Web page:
Your Baby Might Have Down Syndrome


By Ellen Stumbo

 
        Two weeks after the level 2 ultrasound, I had a regular prenatal checkup. This time, Andy came along and Ellie stayed with a friend.  


I stepped on the scale to get my weight. I knew I had gained at least a couple of pounds. I moved the big weight to the 100 mark. Then I began moving the smaller weight along. To my surprise, it seemed I had gained 10 pounds in 2 weeks…make that 20…30…I stopped at the 90 mark, turned to face Andy with big round eyes and exclaimed.

“This thing is broken! There is no way I weigh 200 pounds!”

Andy had a big smile. Then he chuckled. Finally, he was laughing out loud.

“What is so funny?” I answered a little offended, “I do not weigh 200 pounds! Why would you la…”

His foot. Andy’s foot was on the scale. He had been putting his weight on his leg every time I tried to adjust the measurement. I got down and gave him a playful punch but I had to laugh too.

As we chuckled, Kim, my midwife, came into the room. She asked why we were laughing. After a quick explanation of the faulty scale and a couple extra laughs, we moved on to business. The change in tone from Kim felt eerie; like a premonition of something bad to come.

“How are you guys feeling about the level II ultrasound?” she asked.

“We feel great,” I responded.

She looked confused. “Didn’t they tell you?”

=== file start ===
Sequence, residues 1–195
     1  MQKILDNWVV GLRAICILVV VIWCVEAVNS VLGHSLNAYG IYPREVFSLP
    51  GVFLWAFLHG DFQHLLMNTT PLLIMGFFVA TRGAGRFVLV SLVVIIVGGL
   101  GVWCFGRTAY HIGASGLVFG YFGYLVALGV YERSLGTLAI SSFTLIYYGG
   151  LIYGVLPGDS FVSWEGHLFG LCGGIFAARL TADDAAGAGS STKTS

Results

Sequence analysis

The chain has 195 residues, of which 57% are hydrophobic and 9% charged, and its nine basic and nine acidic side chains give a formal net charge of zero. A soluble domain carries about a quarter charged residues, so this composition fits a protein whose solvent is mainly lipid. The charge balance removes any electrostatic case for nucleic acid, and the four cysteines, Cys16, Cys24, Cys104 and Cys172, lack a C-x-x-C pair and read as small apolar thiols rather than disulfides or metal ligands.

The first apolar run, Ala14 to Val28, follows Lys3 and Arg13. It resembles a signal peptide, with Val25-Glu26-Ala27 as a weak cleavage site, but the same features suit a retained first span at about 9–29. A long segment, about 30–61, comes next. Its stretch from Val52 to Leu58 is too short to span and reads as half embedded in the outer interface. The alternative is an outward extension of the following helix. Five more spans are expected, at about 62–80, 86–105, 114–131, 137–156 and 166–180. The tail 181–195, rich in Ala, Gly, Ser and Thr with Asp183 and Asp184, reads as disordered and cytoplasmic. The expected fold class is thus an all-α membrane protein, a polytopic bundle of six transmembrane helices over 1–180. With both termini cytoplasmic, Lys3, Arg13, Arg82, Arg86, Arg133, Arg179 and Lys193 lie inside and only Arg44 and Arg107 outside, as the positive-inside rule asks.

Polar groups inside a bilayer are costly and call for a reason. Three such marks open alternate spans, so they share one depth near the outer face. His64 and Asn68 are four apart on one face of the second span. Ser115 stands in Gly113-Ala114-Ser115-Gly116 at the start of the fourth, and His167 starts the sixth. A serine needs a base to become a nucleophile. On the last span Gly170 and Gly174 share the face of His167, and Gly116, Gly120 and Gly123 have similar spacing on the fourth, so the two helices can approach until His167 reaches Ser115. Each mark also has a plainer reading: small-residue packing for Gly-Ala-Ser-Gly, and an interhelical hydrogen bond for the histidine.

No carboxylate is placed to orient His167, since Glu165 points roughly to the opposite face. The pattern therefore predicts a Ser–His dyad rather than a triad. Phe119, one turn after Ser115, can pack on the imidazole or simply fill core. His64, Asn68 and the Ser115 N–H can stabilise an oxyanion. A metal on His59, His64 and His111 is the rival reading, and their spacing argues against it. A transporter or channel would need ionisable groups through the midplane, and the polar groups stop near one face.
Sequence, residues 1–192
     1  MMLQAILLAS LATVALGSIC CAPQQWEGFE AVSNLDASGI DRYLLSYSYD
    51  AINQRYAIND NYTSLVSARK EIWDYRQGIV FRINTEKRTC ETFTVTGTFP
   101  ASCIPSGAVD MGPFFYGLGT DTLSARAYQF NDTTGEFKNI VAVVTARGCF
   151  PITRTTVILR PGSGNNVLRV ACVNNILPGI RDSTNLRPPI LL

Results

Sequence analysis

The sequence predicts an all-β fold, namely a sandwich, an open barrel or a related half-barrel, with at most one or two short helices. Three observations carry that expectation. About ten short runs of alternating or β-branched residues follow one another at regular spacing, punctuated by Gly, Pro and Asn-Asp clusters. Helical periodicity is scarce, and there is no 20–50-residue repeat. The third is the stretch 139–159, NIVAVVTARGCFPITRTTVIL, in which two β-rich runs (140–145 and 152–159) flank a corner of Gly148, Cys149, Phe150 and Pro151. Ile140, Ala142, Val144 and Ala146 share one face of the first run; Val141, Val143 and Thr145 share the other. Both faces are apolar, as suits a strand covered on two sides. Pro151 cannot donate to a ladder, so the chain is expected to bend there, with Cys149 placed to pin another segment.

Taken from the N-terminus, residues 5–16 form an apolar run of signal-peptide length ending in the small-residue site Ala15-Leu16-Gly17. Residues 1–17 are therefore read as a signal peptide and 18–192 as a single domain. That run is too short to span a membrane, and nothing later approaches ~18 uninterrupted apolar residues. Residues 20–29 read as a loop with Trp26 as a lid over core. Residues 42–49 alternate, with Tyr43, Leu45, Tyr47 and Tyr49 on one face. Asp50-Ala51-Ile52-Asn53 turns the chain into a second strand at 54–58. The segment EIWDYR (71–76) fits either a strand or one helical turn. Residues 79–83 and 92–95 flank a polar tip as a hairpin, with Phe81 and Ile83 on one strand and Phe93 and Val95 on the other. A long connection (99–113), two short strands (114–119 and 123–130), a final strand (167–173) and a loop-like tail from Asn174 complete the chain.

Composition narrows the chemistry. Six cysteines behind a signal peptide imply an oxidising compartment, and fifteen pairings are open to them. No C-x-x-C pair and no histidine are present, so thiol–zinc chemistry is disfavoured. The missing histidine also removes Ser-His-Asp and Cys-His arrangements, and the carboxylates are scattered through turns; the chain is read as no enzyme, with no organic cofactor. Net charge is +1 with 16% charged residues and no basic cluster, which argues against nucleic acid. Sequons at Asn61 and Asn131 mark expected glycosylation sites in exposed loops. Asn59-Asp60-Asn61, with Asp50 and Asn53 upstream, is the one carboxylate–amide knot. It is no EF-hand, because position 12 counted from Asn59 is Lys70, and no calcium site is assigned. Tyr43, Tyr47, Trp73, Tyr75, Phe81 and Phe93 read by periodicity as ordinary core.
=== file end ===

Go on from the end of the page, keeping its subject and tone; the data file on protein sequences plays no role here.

“All they told us is that the fluid around the heart is gone,” Andy replied.

Kim paused, took a deep breath, and looked from Andy to me. The concern in her face threw me into panic. The small, white room, closing in on us. I feared she’d say those words that had only been spoken in the sharing of my dream. It was only a dream. It had to be only a dream.

“Your baby might have Down syndrome,” she finally said.

My heart sank. I swallowed hard and looked at Andy. It struck me that despite this news, his eyes were peaceful. The only thing I knew for sure was that this was our baby girl and we would love her, even if she had an extra chromosome. All I could muster in reply to the midwife was, “It will be okay if she does.”

Just seconds before we had laughed about a silly prank over the scale. I wanted to go back to that moment. I wanted to laugh one more time. Yet, a blanket of fear covered me, warming me up, clinging to my skin.

I was upset the specialist had not mentioned the significant markers they had found for Down syndrome. Nevertheless, there was no need for an amniocentesis, just as he had said. I knew. I knew that my baby had Down syndrome. I had known it ever since that midnight dream.


Next: Surprised by Joy: Part 1

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